James Steinbeck-Grapes of Wrath “The tractors came over the roads and into the fields, great crawlers moving like insects, having the incredible strength of insects. They crawled over the ground, laying the track and rolling on it and picking it up. Diesel tractors, puttering while they stood idle; they thundered when they moved, and then settled down to a droaning roar. Snub-nosed monsters, raising the dust and sticking their snout into it, straight down the country, across the country, through fences, through dooryards, in and out of gullies in straight lines. They did not run on the ground, but on their own roadbeds. They ignored hills and gulches, water courses, fences, houses….
James Steinbeck-Grapes of Wrath “The man sitting in the iron seat did not look like a man; gloved, goggled, rubber dust mask over nose and mouth, he was part of the monster, a robot in the seat. The thunder of the cylinders sounded through the country, became one with the air and the earth, so that earth and air muttered in sympathetic vibration. The driver could not control it---straight across country it went, cutting through a dozen farms and straight back. A twitch at the controls could swerve the car, but the driver’s hands could not twitch because the monster that built the tractor, the monster that sent the tractor out, had somehow got into the driver’s hands, into his brain and muscle, had goggled him and muzzled him---goggled his mind, muzzled his speech, goggled his perception, muzzled his protest….
James Steinbeck-Grapes of Wrath “He could not see the land as it was, he could not smell the land as it smelled; his feet did not stomp the clods or feel the warmth and power of the earth. He sat in an iron seat and stepped on iron petals. He could not cheer or beat or curse or encourage the extension of his power, and because of this he could not cheer or whip or curse or encourage himself. He did not know or own or trust or beseech the land. If a seed dropped did nto germinate, it was nothing. If the young thrusting plant withered in drought or drowned in a flood of rain, it was no more to the driver than to the tractor....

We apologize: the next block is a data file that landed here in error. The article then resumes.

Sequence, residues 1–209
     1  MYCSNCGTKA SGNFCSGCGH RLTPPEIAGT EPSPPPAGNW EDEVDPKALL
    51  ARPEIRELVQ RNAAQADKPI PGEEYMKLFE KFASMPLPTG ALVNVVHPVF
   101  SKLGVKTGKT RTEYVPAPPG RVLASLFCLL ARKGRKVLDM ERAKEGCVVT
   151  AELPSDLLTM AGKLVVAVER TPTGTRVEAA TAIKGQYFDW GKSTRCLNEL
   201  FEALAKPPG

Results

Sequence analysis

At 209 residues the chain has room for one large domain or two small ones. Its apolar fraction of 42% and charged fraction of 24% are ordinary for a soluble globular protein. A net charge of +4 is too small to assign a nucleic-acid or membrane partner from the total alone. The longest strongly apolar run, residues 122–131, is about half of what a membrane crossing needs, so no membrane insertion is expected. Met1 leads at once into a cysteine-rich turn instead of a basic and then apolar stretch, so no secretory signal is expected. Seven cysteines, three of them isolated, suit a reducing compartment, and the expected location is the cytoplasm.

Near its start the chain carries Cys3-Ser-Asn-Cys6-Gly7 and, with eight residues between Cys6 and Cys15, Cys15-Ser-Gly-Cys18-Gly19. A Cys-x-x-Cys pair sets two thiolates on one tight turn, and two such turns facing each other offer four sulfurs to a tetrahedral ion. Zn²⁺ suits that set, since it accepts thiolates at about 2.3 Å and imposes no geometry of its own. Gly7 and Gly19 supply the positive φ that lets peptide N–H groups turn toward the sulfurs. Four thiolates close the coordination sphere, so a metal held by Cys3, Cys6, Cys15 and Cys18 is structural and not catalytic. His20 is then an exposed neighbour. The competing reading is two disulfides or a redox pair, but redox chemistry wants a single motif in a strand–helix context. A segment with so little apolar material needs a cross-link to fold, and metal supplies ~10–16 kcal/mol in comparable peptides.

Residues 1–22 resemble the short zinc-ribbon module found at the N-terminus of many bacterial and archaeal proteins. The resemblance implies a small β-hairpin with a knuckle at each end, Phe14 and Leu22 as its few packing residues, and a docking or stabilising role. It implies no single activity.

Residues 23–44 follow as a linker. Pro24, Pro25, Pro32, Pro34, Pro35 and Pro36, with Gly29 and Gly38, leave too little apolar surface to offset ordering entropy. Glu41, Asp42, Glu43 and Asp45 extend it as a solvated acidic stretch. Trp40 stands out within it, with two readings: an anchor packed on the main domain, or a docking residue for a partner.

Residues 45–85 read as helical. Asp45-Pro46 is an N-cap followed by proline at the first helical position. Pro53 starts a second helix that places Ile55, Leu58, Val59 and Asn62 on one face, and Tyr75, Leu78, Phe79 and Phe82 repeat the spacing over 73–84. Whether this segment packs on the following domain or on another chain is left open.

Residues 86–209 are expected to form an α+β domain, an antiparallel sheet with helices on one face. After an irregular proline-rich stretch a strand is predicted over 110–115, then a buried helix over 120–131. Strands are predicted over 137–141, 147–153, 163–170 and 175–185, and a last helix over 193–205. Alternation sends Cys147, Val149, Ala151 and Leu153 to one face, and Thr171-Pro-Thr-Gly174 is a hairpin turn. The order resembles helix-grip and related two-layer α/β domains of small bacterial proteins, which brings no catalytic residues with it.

James Steinbeck-Grapes of Wrath “He loved the land no more than the bank loved the land. He could admire the tractor…he did not own or love, proud of the power he could not control. And when that crop grew, and was harvested, no man had crumbled a hot clod between his fingers and let the earth sift past his fingertips. No man had touched the seed, or lusted for the growth. Mean ate what they had not raised, had no connection with the bread. The land bore under iron, and under iron gradually died; for it was not loved or hated, it had no prayers or curses.” 49
The Dust Bowl The 1930s brought the Great Depression and with it the end of Laissez Faire. Beginning April 14, 1934 black bowl of dust covered M.W. Eventually the dust covered Washington D.C. and blew onto ships in the Atlantic http://www.google.com/imgres?imgurl=http://www.droug ht.unl.edu/whatis/palmer/pdi3039.gif&imgrefurl=http://ho me.centurytel.net/mr- h/dustbowl/resources.html&usg=__uav4d4U3kIr8T2xr4c gTQQn8Yv8=&h=393&w=580&sz=63&hl=en&start=2&si g2=hO9BiGlL4XPyFhauqb2YzA&itbs=1&tbnid=PpVxil- w3APNrM:&tbnh=91&tbnw=134&prev=/images%3Fq%3 Ddust%2Bbowl%2Btimeline%26hl%3Den%26sa%3DG %26tbs%3Disch:1&ei=DqrPS8O_CpPUtQOloejqBg
Presage the dust bowls of today Asian Dust (also yellow dust, yellow sand, yellow wind or China dust storms) is a seasonal meteorological phenomenon which affects much of East Asia sporadically during the springtime months. The dust originates in the deserts of Mongolia, northern China and Kazakhstan where high-speed surface winds and intense dust storms kick up dense clouds of fine, dry soil particles. These clouds are then carried eastward by prevailing winds and pass over China, North and South Korea, and Japan, as well as parts of the Russian Far East. Sometimes, the airborne particulates are carried much further, in significant concentrations which affect air quality as far east as the United States. http://en.wikipedia.org/wiki/Asian_Dust I
Renewability frame Herman Daly’s (Daly and Cobb, 1992.)three common sense guidelines for a sustainable society: Are we employing renewable resources to the maximum amount allowed by their rate of renewal? Are nonrenewable resources used only when absolutely necessary, and then in the most limited and efficient way possible? Are we producing pollution beyond the assimilative capacity of the environment?
Entropy/laws of thermodynamics frame Do we cycle materials maximally? Do we achieve maximum efficiencies? Do we produce minimum disorder? How fast do we create it? What types of disorder do we create?
Equity Frame Environmental Justice Cross Generational Lester Brown— A sustainable society is one that satisfies its needs without jeopardizing the prospects of future generations. Biocentric Equality